Jeff Beck has always been the most adventurous of the Yardbirds triad, and he's easily the most unique: only Hendrix rivals him for advancing rock guitar by light-years, and it's lucky for us that he's stayed alive to add to his legacy. Jeff Beck is easily the best of his generation: he has made more than a few awful records, but his guitar work was always without equal. He is the only one of the original British blues-rock pioneers who's learned how to blend his style musical situations than strict-rock: at his best, he is riveting as no other guitarist can be. The band from the albums Truth and Beckola rocked hard with a loose but fierce rhythm section and Beck's guitarwork seared like nothing else that had come before. People left their concerts without eyelashes. Becks' guitar licks sliced the meat in the butcher shop across the street powered the generators at the ER when the lights went out. Rod Stewarts' singing forced ugly cops to stay indoors on nice days.
I had been of the recent opinion that what guitarist Jeff Beck has been doing for the last decade was mainly composed of doodling-- short, strange guitar riffs and odd sounds aplenty, but little in the way of exciting guitar work. The July 22nd concert at the Mattress Firm Amphitheater was another matter altogether; I've had the honor of seeing Beck three times previously; what did that night was a revelation. Fluid, fast, angular, bluesy, full of blues phrasing framed sidewise, and in reverse order, tonalities from a refined adaptation of Indian classical improvisation, splintered chromaticism, power chords, fusion dynamics, and the sweetest lyric playing one would wish for. And yes, lots of funk. All this, of course, with a fine band, including drummer Vinnie Colaiuta (Frank Zappa, Sting, Herbie Hancock), vocalist Jimmy Hall, bassist Rhonda Smith (Prince, Chaka Khan, Beyoncé, George Clinton) and cellist Vanessa Freebairn-Smith, all of whom propelled the guitarist with a tightly conceptualized sense of varying rhythms that drove the guitarist to what seemed like more significant and more inspired outlays of his singular virtuosity as the set wore on.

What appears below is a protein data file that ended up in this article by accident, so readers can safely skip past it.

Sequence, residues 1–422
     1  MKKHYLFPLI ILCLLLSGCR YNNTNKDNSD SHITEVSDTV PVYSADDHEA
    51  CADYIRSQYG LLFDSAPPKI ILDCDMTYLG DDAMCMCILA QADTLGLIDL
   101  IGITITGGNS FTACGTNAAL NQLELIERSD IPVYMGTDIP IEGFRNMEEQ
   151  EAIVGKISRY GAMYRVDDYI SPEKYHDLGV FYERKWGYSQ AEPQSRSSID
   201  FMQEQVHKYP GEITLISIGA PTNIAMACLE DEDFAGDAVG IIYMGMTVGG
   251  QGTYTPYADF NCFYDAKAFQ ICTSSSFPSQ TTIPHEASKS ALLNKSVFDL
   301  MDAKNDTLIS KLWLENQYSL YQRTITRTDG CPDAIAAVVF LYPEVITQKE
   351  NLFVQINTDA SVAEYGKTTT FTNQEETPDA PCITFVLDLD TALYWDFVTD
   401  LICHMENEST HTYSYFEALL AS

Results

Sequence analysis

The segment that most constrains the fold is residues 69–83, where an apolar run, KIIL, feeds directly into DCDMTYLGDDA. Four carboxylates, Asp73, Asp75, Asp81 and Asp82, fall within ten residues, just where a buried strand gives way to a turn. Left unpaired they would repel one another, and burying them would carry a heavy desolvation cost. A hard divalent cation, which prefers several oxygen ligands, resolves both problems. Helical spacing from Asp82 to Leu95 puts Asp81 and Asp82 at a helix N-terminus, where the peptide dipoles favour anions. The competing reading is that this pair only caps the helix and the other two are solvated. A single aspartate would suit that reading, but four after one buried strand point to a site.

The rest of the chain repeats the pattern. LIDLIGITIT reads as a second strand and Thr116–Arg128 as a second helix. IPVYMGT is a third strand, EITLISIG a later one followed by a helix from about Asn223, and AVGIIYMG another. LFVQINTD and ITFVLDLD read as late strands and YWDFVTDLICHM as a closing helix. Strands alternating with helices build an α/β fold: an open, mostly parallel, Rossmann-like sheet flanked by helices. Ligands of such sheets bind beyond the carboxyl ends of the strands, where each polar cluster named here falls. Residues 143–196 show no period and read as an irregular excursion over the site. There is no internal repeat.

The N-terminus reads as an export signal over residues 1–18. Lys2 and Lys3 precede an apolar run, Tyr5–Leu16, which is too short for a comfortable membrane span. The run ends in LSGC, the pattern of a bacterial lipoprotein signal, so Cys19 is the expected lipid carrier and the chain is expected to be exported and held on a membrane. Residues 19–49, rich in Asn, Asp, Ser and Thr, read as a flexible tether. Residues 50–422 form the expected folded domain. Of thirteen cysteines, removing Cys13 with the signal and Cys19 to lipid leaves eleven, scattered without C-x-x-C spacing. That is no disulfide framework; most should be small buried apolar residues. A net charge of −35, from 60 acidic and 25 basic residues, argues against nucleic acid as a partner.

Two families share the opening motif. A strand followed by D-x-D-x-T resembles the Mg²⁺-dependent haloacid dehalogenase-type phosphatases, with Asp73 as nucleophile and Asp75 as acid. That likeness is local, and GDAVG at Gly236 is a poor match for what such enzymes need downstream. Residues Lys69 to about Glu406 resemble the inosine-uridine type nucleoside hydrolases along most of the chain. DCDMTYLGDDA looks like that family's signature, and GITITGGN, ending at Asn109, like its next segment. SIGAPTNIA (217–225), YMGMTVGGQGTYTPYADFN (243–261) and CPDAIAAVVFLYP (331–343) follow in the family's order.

Although not a hyper virtuoso along the lines of Joe Pass or John McLaughlin, two guitarists he clearly admires, Beck has, all the same, spent the majority of career in a state of perpetual flux, going from one style to the next, from hard rock, blues metal, rockabilly, jazz-rock to increasingly synth-dominated backdrops. Sometimes his playing, in my regard, missed the mark. Always, always, though, he was adding to his armory, changing his style, broadening his understanding of where a solo could go, evolving to his current state of what seems to be a superior style that's all of a piece, without seams, without stitches; great swaths of bracing electric dissonance intersected superbly with a spare and melodic ad-libbing along a song's central theme. Simple, winsomely stated phrases built into quick-witted crescendos. It was a night was a rich, fluent display of all his 50 years of experiments, investigations, inquiries into all manner of music from around the world. It was fluid, intense, the work of a singular artist at the very top of his form.